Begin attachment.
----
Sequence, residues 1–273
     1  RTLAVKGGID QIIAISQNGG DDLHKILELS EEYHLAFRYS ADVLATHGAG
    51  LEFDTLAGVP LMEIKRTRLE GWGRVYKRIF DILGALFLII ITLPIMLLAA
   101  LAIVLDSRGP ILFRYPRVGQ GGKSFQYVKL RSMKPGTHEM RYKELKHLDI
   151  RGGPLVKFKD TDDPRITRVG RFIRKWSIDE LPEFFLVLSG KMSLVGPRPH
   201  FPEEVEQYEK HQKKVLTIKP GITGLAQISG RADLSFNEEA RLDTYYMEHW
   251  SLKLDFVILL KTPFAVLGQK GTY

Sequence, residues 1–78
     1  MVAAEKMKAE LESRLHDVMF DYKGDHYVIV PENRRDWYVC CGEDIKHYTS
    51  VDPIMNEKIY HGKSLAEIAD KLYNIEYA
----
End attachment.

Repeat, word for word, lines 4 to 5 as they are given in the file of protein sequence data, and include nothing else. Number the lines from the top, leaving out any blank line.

   101  LAIVLDSRGP ILFRYPRVGQ GGKSFQYVKL RSMKPGTHEM RYKELKHLDI
   151  RGGPLVKFKD TDDPRITRVG RFIRKWSIDE LPEFFLVLSG KMSLVGPRPH